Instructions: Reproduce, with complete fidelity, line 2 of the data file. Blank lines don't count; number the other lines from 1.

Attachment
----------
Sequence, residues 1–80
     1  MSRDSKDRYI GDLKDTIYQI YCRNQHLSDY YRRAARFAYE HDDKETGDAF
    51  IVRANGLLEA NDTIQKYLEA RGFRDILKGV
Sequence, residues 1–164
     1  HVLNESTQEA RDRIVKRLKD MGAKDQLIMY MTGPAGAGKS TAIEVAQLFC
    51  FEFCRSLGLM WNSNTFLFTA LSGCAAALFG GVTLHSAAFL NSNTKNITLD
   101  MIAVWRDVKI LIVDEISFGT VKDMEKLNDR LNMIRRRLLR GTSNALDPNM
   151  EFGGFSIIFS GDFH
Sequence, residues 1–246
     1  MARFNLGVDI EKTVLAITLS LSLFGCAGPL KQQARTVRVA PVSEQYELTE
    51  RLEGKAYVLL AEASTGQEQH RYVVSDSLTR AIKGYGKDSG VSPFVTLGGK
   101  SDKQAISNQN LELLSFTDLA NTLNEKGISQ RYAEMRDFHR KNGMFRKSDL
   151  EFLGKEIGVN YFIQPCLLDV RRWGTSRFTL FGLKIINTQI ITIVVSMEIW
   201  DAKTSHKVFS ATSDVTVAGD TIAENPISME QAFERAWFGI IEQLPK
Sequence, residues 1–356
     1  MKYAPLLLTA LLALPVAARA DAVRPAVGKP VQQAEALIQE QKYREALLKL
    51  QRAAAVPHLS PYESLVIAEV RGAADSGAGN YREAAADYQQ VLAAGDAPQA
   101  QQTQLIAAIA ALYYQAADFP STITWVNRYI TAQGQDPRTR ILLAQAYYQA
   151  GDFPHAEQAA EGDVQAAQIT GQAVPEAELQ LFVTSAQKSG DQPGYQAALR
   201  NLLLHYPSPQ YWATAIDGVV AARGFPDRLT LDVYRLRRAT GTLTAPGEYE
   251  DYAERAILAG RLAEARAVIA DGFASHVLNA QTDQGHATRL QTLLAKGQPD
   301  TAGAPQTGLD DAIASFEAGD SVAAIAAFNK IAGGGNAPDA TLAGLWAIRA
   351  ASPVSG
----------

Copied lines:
     1  MSRDSKDRYI GDLKDTIYQI YCRNQHLSDY YRRAARFAYE HDDKETGDAF